Feather friendly FLAP Canada 1500x1000The other piece of this puzzle is to reduce window reflections to prevent birds from colliding with them. Birds can't see that a reflection in a glass window is a solid surface to be avoided; they often fly right into windows thinking the reflection of the sky is the sky itself! Making windows visible to birds is the key to preventing this hazard, and there are many ways to do this, from the simplest, like installing screens or applying washable tempera paint designs on the outside of windows, to more complex options, like installing commercially-available patterned window film on the outside of your windows. These are just a few of the possible ways to make sure your windows are "bird-safe" this fall; more options are described in this great article from the Fatal Light Awareness Program.

Volunteers with our Lights Out Northeast Florida initiative are set to begin their fall window strike monitoring routes in downtown Jacksonville again this fall to collect more data about bird fatalities in the downtown area and share that with building managers and business owners to encourage them to go "lights out for birds," but we can all do our part to help migrating birds survive their perilous journey. Thank you for caring about the birds!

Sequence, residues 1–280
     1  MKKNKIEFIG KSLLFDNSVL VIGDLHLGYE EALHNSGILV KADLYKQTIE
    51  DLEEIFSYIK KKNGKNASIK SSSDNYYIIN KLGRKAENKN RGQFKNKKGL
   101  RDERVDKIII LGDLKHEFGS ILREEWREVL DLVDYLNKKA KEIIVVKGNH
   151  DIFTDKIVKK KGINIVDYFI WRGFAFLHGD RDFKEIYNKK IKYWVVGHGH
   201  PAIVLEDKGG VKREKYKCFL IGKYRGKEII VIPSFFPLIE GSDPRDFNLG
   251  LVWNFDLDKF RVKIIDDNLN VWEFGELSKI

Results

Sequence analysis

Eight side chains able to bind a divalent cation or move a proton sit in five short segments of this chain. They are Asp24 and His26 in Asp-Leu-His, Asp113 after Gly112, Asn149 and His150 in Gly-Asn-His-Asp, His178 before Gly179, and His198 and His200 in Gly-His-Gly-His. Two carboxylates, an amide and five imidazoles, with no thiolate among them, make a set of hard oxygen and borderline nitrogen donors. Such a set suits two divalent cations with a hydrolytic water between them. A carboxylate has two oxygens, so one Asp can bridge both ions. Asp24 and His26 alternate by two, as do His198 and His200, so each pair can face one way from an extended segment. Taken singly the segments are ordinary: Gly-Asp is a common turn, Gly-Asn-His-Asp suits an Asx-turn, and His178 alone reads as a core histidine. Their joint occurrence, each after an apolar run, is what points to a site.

~ Carol Bailey-White, Editor


Have you ever been to a birding festival or conference? These events can be a great way to get to know some outstanding birding spots away from your home turf, hear from experts about a variety of interesting bird-related topics, meet other birders (always fun!), and even shop for some new gear. Here are some excellent birding events coming up over the next several months:

These are just a few of the exciting birding events coming up soon in the eastern US, but the Cornell Lab of Ornithology has a more complete list published on their All About Birds website, so take a look and make your travel plans!

~ Carol Bailey-White, Editor


Camp Blanding field trip 20230122 group shotWhy Join Us? If you're not already a member of Audubon, look for our membership campaign on Facebook and Instagram later this month. You'll learn about the many and varied reasons that it is good to join Duval Audubon. Conservation, speaking up, having fun, and being 'in the know' are just a few. And why not forward our posts and ask a friend or friends to join you in Audubon? You'll all get all the benefits. It's easy to join at Your support will help secure the future for birds at risk from climate change, habitat loss, and threats from the storms that so often affect us here in Northeast Florida.

~ Christine Lucas, Membership Director


Here's what's happening this month:

Hope to see you soon!

Duval Audubon Society, Inc.
P.O. Box 16304
Jacksonville, FL 32245